New paper – Predictability of leaf morphological traits for paleoecological reconstruction: the case of leaf cuticle and leaf dry mass per area

Text by Linda-Liisa Veromann-Jürgenson and Tiina Tosens

We just published a paper about the plausibility of using cuticle thickness in gymnosperms as a proxy for leaf mass per dry area (LMA). It was as the result of a wonderful collaboration between six academic institutes from four countries. The paper titled “Predictability of leaf morphological traits for paleoecological reconstruction: the case of leaf cuticle and leaf dry mass per area” is one of the two papers representing our team in the International Journal of Plant Sciences special issue – Functional Trait Evolution.

The reasoning behind this paper was to test a paleoproxy for estimating LMA from cuticle thickness (CT) in broad-leaved gymnosperms, and expand it across different foliage types and through the light gradient. This LMA-CT paleoproxy is a very attractive concept for assessing past ecosystem properties as cuticles are much more likely to be preserved in fossils than mesophyll. At the same time LMA is connected to many traits underlying the leaf economics spectrum as well as to some growth conditions like CO2 concentration and light availability. Paleoproxies are indeed a great tool to reconstruct the past environmental and ecological conditions for the plant, whose minute piece paleobotanists are studying millions of years later. However, as large generalizations are made based on tiny tiny preserved plant bits, we must make sure the correlations hold across many species and in different conditions. Thus, we tested the LMA-CT relationship on 86 gymnosperm species with broad leaves, needles and scales and used a sub-set to study the effect of growth light conditions on CT as its effect on LMA has been previously well established.

The relationship between LMA and CT in different leaf form types (graph from the paper)

Our results were promising! The proxy could be used for broad- and scale-leaved species, while the correlation does not hold for needles. Importantly, the reliability of the proxy increases for species at the lower end of the leaf economic spectrum (LES) – for species with tough robust leaves with high LMA – which is good considering that many of the so-called “living fossils” belong to that end of LES. However, we advise caution as taxonomy and light conditions affected the LMA-CT relationship, so just measuring CT from a diverse set of fossils may give you wrong results. Further tests distinguishing the morphotype of the fossilized leaf and the LMA-CT relationship in the nearest living relatives should be carried out. Nevertheless, CT on itself can give valuable information about the environmental conditions and stresses for the plant!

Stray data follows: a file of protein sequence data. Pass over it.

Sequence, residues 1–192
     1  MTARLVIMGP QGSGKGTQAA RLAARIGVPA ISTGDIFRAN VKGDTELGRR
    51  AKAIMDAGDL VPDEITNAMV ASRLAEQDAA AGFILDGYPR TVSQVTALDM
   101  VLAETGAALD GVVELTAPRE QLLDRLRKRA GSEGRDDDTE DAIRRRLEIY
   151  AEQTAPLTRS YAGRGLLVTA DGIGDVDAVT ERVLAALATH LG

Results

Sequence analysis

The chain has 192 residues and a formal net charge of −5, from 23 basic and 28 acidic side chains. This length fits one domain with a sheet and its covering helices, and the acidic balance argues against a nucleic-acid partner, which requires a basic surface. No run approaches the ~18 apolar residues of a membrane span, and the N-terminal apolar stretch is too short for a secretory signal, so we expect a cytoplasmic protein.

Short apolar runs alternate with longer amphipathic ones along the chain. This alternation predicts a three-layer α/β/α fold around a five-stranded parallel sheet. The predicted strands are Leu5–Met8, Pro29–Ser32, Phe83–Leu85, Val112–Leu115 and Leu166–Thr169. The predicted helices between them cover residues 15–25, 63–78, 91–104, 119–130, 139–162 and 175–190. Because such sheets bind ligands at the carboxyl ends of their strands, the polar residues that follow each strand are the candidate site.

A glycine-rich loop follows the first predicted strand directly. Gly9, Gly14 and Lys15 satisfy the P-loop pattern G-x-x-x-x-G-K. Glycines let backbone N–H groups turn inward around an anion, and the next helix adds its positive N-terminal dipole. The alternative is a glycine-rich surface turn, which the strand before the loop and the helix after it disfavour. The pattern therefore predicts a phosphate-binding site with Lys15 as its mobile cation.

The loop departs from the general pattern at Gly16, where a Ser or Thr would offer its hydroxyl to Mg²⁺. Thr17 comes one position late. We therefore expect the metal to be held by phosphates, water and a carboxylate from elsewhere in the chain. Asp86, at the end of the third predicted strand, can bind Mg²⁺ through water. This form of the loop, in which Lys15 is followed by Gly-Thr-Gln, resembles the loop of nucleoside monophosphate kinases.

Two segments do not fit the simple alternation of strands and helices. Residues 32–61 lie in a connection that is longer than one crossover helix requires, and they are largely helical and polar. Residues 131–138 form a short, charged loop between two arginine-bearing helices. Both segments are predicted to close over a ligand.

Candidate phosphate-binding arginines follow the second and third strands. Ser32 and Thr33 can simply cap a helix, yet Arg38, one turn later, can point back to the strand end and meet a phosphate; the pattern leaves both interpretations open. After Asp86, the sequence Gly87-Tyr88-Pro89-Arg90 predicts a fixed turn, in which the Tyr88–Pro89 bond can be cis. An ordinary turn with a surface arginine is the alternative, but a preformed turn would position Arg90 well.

Full citation: Veromann-Jürgenson, L. L., Brodribb, T., Laanisto, L., Bruun-Lund, S., Niinemets, Ü., Nuño, S. L., Rinnan, R., Puglielli, G. & Tosens, T. (2019). Predictability of Leaf Morphological Traits for Paleoecological Reconstruction: The Case of Leaf Cuticle and Leaf Dry Mass per Area. International Journal of Plant Sciences, 181(1), (link to full text)


A living fossil in its natural habitat in Australia (pic by Linda-Liisa)



Our power to predict the future relies on our knowledge of the past. Paleoproxies are a powerful tool for understanding environmental and ecological conditions, and changes across different time periods. However, constructing a functioning paleoproxy requires a well-constrained and robustly tested model. This is challenging, especially if ecological traits are involved. In the current study we constructed an extended dataset to test the reliability of the derivation of leaf dry mass per unit area (LMA) from the thickness of fossil gymnosperm cuticle. Specifically, we tested if different leaf types (broad leaves, needles, scales), intraspecific variability in cuticle thickness, and growing conditions affect the functioning of the proxy. Taxonomic groups were analyzed to uncover the possible taxonomic influence on LMA, cuticle thickness and the LMA-CT relationship. Our results indicate that the cuticle thickness versus LMA relationship depends on multiple factors that can have various and incongruous effects on this relationship, depending especially on leaf type and growing conditions. We conclude that cuticle thickness measured from gymnosperm fossils could be used as a proxy for LMA in past ecosystems for some broad- and scale-leaved, but not needle-leaved gymnosperms. However, caution must be taken when comparing species from different environments or growth conditions.

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